There will always be some real-time social messaging service, however. Whether that’s Twitter as a stand-alone service, or whether we all end up using a real-time component of Facebook or Google+ or something that has yet to be deployed — none of that matters. The principles and practices of real-time messaging will doubtless end up being much the same.

Anything you might do with Twitter will be easy to migrate to any other real-time messaging system. The lessons you learn will carry across too.

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LinkedIn has responded to criticism over their opting-in of everyone to their “social advertising” program with a self-serving blog post. I’m less than impressed.

I wrote two articles yesterday. For Crikey, Sorry too hard a word for LinkedIn over privacy faux pas, in which I describe LinkedIn’s response as bullshit. And for CSO Online, Five lessons from LinkedIn’s opt-out stupidity, which reminds people to keep an eye on social networking services for unannounced changes to the rules of engagement.

Paul Ducklin from security vendor Sophos gives them an easier time, praising them for a quick response. He’s nicer than I am.

In the cold, clear light of Saturday morning, what depresses me most about this whole episode is not that a supposedly-professional service would pull a trick like this and, when caught out, just smear PR bull over the top. It’s that they’ll probably get away with it, and imagine they handled it well.

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“Social advertising”. It sounds so innocuous. But it isn’t. It means that simply by “liking” something on LinkedIn, or if you “take other actions”, they can use your name and photo in third-party advertising. Pricks.

I’ve written about this in Crikey today, LinkedIn pulls a Facebook-like swifty on ‘social advertising’. I called them “exploitative”. I compared them to the “consumer-grade arseholes at Facebook”. I stand by all of that, and more.

I asked how LinkedIn could be so stupid. But it’s more than that.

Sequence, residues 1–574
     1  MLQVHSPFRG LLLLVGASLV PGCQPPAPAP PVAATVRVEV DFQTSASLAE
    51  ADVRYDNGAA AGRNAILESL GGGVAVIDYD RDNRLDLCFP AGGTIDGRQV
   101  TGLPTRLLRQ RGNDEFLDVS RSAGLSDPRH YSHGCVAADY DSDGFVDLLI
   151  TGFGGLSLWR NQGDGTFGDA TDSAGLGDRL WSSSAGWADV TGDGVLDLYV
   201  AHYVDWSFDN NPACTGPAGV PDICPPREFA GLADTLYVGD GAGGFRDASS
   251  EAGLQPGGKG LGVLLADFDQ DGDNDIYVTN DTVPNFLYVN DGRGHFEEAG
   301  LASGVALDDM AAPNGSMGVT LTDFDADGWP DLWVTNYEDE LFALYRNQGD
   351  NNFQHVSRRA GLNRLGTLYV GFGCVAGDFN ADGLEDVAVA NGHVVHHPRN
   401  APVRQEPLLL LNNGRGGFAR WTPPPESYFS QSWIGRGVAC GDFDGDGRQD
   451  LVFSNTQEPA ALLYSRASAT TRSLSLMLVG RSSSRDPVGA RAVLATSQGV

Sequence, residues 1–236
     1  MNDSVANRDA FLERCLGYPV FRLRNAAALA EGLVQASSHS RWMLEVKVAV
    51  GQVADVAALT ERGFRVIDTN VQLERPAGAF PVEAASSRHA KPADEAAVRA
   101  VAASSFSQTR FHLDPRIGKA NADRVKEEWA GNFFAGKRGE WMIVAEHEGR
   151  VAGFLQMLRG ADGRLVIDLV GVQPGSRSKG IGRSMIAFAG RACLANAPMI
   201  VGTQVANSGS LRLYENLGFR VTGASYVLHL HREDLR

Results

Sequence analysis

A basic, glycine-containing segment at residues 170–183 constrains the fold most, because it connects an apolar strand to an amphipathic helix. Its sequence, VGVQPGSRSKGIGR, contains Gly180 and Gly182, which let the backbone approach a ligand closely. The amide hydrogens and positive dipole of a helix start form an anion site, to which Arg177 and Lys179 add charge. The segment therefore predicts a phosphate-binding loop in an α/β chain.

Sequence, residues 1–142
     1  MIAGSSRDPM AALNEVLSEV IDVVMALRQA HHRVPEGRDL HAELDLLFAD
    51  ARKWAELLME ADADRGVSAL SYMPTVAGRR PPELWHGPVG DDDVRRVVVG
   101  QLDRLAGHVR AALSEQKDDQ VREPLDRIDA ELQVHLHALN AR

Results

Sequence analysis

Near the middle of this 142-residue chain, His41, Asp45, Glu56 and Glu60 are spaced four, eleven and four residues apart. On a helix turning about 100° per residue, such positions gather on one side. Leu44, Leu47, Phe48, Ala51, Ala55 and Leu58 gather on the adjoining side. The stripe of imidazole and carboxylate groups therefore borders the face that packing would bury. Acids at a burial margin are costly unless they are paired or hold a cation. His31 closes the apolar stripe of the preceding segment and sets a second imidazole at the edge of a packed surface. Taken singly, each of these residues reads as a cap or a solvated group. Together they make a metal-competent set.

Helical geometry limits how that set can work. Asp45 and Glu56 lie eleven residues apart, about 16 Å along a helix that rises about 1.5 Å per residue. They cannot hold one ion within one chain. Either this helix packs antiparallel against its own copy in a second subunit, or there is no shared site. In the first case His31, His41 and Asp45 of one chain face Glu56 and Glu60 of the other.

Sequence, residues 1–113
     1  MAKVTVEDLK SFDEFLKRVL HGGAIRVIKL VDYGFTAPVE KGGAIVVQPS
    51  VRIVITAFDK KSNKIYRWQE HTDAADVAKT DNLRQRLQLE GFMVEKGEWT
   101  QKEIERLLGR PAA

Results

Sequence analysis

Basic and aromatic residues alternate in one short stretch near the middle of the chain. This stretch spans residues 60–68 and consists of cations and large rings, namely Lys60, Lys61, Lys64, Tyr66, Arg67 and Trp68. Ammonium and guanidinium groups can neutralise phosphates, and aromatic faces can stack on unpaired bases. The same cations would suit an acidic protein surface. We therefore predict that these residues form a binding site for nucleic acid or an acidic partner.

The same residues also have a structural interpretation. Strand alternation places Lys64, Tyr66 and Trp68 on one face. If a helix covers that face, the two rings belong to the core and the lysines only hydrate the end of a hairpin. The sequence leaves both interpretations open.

Just what sort of mindset do LinkedIn’s executives have if they reckon this is an acceptable way to do business with people?

To me it indicates that they have no idea how people might react to discovering their face in someone else’s advertising. Or, if they do realise that, a disturbingly callous disregard for others, putting their business profits before their basic responsibilities as human beings.

Is that antisocial personality disorder? That seems to be what we call being a psychopath these days.

If you’re a LinkedIn user and want to opt out of all this, go to where your name is displayed on the top right of your LinkedIn screen and click on “Settings”. Click on “Account” at the bottom left of screen, then “Manage Social Advertising”.

[Disclosure: I receive a free LinkedIn Pro account as part of their media outreach program.]

In 2005 Rupert Murdoch bought MySpace, as the orthography went, for USD 580 million. Yesterday he sold the operation, now branded Myspace or even just My_____, depending where you look, for a mere USD 35 million. Not exactly a profit.

The buyer was Specific Media, an advertising targeting company. One of the investors is musician and actor Justin Timberlake, although the size of his stake has not been revealed.

There’s now plenty of speculation about whether Myspace will build on its recent music focus, and how it’ll shape up against the monster that is Facebook and the new contender, Google+.

Yesterday I chatted about all this stuff with Lindy Burns on ABC 774 Melbourne. This time she got my name right.


The audio is ©2011 Australian Broadcasting Corporation, but it hasn’t been posted on their website so here it is. In return, I reckon you might choose to listen to Lindy Burns’ drive program next week.

I continue to be fascinated by what I get asked to talk about on the radio. Today it was news about Google, with an amused emphasis on the product names.

The station was ABC Gold Coast, the presenter was Bernadette Young, and producer Nicole Gundi had chosen two specific stories. The Australian’s coverage of the launch of Google+, the competitor to Facebook, and the Herald Sun’s story on the smartphone operating system wars.

Speaking live from the pub at fairly short notice, I managed to wrap a few facts and opinions into the 10-minute interview. And here’s a recording.


This material is ©2011 Australian Broadcasting Corporation, presented here as always because the ABC doesn’t post it and it’s a decent plug for them.

A weekly summary of what I’ve been doing elsewhere on the internets. This week was mostly about the AusCERT information security conference on the Gold Coast, although a few things relating to the previous week dribbled through.